200 jobs lost as G-Star Raw becomes a coronavirus fashion victim
Around 200 jobs are being lost as denim chain G-Star Raw fails to attract a buyer after falling into administration.
Administrators from Ernst & Young (EY) were appointed to the local arm of G-Star in May, citing the impact of the coronavirus downturn on a sector already under pressure.
Despite what the administrators described as an extensive marketing campaign, no buyer has been found for the business and all 57 G-Star stores have now been shut, resulting in job losses.
In May, the administrators said commercial landlords were the major creditors of G-Star Australia.
“G-Star Raw is a globally recognised brand,” the EY administrators said in a statement today.
“The fact that no party was able buy the business reflects the high level of uncertainty regarding the future prospects for the retail sector in Australia.”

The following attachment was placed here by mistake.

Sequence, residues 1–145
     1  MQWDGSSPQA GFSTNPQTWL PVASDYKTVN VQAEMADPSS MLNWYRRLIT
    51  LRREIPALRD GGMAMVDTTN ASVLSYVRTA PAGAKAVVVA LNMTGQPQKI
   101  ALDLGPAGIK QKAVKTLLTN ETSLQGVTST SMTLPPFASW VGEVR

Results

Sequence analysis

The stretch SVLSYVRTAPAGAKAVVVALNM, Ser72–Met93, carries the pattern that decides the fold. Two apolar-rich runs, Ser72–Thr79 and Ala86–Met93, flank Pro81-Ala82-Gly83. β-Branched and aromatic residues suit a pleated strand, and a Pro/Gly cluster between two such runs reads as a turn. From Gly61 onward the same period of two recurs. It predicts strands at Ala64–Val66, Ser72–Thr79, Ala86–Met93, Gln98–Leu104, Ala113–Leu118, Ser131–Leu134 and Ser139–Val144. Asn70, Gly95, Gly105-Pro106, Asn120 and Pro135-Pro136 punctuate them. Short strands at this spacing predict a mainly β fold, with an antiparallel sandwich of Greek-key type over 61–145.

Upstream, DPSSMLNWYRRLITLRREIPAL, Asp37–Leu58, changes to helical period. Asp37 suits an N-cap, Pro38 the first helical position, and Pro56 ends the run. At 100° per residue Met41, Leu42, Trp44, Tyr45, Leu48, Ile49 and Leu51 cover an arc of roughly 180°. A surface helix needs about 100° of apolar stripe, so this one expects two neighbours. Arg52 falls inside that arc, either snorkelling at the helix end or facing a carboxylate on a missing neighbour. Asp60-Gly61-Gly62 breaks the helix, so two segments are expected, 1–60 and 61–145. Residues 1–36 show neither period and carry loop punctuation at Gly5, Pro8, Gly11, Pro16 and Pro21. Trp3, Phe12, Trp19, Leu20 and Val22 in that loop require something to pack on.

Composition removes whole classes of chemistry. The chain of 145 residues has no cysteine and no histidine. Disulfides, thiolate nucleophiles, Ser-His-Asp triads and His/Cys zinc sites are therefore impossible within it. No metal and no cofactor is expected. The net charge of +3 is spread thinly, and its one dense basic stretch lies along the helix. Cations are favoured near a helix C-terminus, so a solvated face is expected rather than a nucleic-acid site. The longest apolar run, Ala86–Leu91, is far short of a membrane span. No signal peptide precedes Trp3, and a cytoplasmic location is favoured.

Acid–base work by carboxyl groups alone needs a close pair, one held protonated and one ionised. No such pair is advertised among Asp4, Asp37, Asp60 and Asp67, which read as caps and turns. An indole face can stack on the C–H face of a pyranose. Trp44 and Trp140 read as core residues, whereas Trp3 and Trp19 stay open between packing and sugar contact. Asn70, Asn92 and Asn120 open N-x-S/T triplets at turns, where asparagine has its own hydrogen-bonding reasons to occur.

G-Star’s collapse follows a string of retailers entering voluntary administration last year and in early 2020, with some already struggling prior to the impact of a horror bushfire season and coronavirus restrictions.
Some retailers, however, have seen sales surge over the past few months, with coronavirus restrictions spurring purchases related to home offices, home improvement and entertainment.
Online sales have seen particularly strong growth during the pandemic, as people avoided going to crowded shopping centres.
However, consumer confidence dived this month, with the Westpac-Melbourne Institute monthly index tumbling 9.5 per cent nationally amid the reimposed lockdown in Melbourne.
The measure of whether people think it is a good time to buy a major household item slumped by 13 per cent in the month, to be 26.5 per cent below the level seen a year ago.